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How to Talk to a Writer

23 Sep

writerI’m reposting this from Today’s Author, for anyone who didn’t read it there:

My efriend, Kirk Allmond, had a hilarious run down of what NOT to say to a writer. Well, they were all true, but I still couldn’t stop laughing. Truisms like, “Leave a writer alone when they’re writing. You have no idea how difficult it is to enter the zone.”

So I decided to put together my own list of how to talk to a writer. See if you agree:

  • You can’t scare me. I’m a writer.
  • Patience and writing is an oxymoron
  • Patience and writers aren’t friends
  • Must. Remember. To. Eat.
  • Some days, writing looks a lot like work.
  • I successfully spelled ‘Worcestershire’ today in my book.
  • There are days I wouldn’t know a good plot twist if I woke up next to one.
  • Trying to write good dialogue is like trying to ignore a rejection letter.
  • Life after the 100th rejection is what Oprah might call a life-defining moment.
  • Understanding a writer who’s in the zone is like understanding the meaning of life.

  • Some days, I need a map to find my muse.
  • This is my writer’s face. This is my ‘go away’ face.
  • My head is like a bad neighborhood none of my characters want to live in.
  • Despite my past experience with agents, my mind is open to a miracle.
  • I keep a portrait of Mark Twain in my attic.

I have more pithy ideas for you, but I have a book to write. Well, I’ll just look in on Twitter…

More humor-and-writing posts:

Inspirational and Humorous Quotes–Part I

Writerly Humor (Dark Humor)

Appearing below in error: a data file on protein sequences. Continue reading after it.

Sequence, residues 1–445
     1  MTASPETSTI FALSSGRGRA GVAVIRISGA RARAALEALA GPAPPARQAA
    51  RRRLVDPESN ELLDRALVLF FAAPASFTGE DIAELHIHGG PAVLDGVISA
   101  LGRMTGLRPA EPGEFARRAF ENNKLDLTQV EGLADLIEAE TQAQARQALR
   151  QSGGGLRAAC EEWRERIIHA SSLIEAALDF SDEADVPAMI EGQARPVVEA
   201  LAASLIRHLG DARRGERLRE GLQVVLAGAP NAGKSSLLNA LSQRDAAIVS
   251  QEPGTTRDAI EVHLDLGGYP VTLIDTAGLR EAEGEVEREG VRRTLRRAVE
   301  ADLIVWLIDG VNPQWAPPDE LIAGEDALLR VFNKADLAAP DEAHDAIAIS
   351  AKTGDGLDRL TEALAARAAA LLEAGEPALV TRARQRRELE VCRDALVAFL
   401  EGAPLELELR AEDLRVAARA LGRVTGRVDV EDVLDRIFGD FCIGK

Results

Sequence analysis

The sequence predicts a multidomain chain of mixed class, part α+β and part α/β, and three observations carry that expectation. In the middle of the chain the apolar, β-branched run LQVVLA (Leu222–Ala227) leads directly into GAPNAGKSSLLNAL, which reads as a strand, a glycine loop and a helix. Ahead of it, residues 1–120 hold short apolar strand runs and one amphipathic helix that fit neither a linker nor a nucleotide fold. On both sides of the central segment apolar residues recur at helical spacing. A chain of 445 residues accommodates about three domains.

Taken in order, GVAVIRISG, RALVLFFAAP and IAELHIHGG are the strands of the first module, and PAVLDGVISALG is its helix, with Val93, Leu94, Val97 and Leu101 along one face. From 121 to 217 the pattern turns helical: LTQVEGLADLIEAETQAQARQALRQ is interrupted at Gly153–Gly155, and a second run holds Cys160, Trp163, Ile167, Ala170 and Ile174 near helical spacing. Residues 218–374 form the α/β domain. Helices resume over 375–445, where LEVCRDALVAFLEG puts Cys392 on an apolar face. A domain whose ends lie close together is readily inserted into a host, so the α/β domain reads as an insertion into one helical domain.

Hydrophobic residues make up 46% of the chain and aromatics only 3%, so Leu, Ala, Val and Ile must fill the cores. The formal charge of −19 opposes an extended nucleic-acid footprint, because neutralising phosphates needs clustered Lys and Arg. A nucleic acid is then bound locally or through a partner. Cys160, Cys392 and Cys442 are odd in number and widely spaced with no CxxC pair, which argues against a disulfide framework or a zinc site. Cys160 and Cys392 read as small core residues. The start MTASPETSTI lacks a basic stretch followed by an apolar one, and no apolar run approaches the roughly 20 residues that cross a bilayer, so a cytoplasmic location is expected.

How to Add Humor to Dull Characters

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Jacqui Murray is the author of the popular Building a Midshipman, the story of her daughter’s journey from high school to United States Naval Academy. She is webmaster for six blogs, an Amazon Vine Voice book reviewer, a columnist for Examiner.com and TeachHUB, Editorial Review Board member for Journal for Computing Teachers, Cisco guest blog, and a monthly contributor to Today’s Author. In her free time, she is editor of a K-8 technology curriculum and technology training books for how to integrate technology in education. Currently, she’s editing a thriller that should be out to publishers next summer. Contact Jacqui at her writing office or her tech lab, Ask a Tech Teacher.

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Jacqui Murray is the author of the popular Building a Midshipman, the story of her daughter’s journey from high school to United States Naval Academy, and the thriller, To Hunt a Sub. She is also the author/editor of over a hundred books on integrating tech into education, adjunct professor of technology in education, webmaster for four blogs, an Amazon Vine Voice book reviewer, a columnist for TeachHUB, monthly contributor to Today’s Author and a freelance journalist on tech ed topics. You can find her books at her publisher’s website, Structured Learning. The sequel to To Hunt a Sub, Twenty-four Days, will be out this summer. Jacqui Murray has been teaching K-8 technology for 15 years. She is the editor/author of over a hundred tech ed resources including a K-8 technology curriculum, K-8 keyboard curriculum, K-8 Digital Citizenship curriculum. She is an adjunct professor in tech ed, CSG Master Teacher, webmaster for four blogs, an Amazon Vine Voice book reviewer, Editorial Review Board member for Journal for Computing Teachers, CAEP reviewer, CSTA presentation reviewer, freelance journalist on tech ed topics, and a weekly contributor to TeachHUB. You can find her resources at Structured Learning.


 
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